Yachting Monthly|November 2019
There is something visceral in the pleasure of owning your own yacht. Like buying your first house, this vessel is yours to do with as you please and no-one else’s. It’s a privilege to be in a position to make that purchase, even more so if the boat you buy is your dream boat. But that responsibility can also be a burden that, if shared, may be halved, freeing you up to enjoy boat ownership without the pressure.
While sharing a boat with a trusted friend is the traditional option, a slew of new alternatives have sprung up, offering different models to allow people a slice of time on the water, for a sliver of the cost. In the age of the ‘sharing economy’ of Airbnb, Uber and Spotify, changing how we own boats and go sailing might open up possibilities of the boats we can own.
THE TRADITIONAL SYNDICATE
DAVE BIRCH was looking for a way to get his family on the water after relocating to the south coast from London. Having grown up sailing dinghies in South Africa, he was looking for a sensibly priced route into ownership having passed his Day Skipper and chartered in the Mediterranean. After a lot of online research, he found Galatea, a 1989 Moody 42, on yacht share brokerage site Yacht Fractions. Run as a syndicate for over 20 years, she is shared between three and based in Lymington.
‘I had criteria in mind before I started looking. A combination of the right boat and the right ownership arrangement. I needed a yacht comfortable enough to sail with my wife and three-year-old, that wasn’t about to rapidly depreciate in value and was capable of doing the kind of trips I envisage us doing once we have got a bit more experience.
‘That the syndicate had been running for so long was a big part of the appeal. The existing members talked a lot of sense, spent money where it was needed but weren’t excessive, and wanted another member with a similar mindset. They were happy to spend time introducing me to the boat and helping me learn. Costs of ownership on the south coast are high and the syndicate cuts them to a third. Everyone in the group is also very courteous, we leave the boat clean and tidy and make sure there’s always beer in the fridge for the next person!’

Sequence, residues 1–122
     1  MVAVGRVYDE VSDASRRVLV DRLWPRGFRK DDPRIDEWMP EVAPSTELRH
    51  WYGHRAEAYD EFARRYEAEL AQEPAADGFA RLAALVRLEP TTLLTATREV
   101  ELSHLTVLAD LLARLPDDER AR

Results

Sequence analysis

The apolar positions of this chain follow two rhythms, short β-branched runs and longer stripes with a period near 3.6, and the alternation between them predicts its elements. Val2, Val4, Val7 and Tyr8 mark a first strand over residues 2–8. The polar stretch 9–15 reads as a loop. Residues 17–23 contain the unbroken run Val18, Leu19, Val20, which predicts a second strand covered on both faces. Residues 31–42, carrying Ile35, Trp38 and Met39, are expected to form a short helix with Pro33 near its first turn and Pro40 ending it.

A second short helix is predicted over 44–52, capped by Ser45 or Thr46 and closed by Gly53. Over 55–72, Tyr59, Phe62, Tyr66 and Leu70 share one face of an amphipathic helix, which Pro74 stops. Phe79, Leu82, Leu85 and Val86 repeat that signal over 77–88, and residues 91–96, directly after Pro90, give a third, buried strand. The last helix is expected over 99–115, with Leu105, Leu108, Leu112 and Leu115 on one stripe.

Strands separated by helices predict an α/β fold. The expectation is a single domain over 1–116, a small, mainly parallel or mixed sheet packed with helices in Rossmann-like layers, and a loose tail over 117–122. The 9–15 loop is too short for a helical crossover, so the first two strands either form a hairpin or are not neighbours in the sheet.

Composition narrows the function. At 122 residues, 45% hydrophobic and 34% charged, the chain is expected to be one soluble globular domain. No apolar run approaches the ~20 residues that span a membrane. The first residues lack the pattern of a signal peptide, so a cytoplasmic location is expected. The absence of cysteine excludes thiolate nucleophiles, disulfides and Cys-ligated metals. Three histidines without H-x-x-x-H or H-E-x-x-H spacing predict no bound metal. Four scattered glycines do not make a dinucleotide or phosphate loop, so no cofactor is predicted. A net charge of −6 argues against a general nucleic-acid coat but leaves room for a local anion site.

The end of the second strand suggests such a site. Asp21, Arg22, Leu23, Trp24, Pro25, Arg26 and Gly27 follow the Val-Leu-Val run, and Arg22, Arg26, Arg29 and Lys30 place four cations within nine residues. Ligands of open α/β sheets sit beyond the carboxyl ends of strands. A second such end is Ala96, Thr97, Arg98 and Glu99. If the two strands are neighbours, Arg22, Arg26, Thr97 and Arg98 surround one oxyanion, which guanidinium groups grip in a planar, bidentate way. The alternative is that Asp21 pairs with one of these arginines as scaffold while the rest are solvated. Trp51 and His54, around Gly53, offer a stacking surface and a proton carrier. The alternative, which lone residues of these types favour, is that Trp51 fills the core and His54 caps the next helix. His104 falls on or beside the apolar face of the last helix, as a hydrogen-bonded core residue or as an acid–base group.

Dave Watts, owner of Yacht Fractions, explains that whilst yacht shares have been around for a long time, it’s something many still don’t know much about. ‘We sell shares from a few thousand pounds up to around £300,000, on a broad range of boats. The average split is probably 1/4 or 1/5 and £8,000 to £13,000. Versus owning a boat outright, it represents remarkably good value as soon as you halve the cost.’
Sharing your boat with others does mean giving up some control. ‘Generally speaking, syndicates are careful about new members, but it’s well worth doing some ground work to make sure you get on well with the others involved as well. The other thing that you must consider is the way the allocation of the share will be distributed. Will you get the same weeks each year, book a slot online, go through a rotation system or just sort it out annually at the group’s AGM?’
For less formal syndicates, many choose to buy yachts with one or two trusted friends. Tristan Kemp owns a sporty Archambault 31, also in Lymington, along with Andrew Higgs. This is the second boat they have owned together, which they race and cruise.
‘Even if we could afford single ownership, we wouldn’t. We prefer to be co-skippers, so that all our decisions, even out on the water, are joint. We consult on everything, even on whether we’ll set the spinnaker on a windy day, before we get ourselves into a situation.
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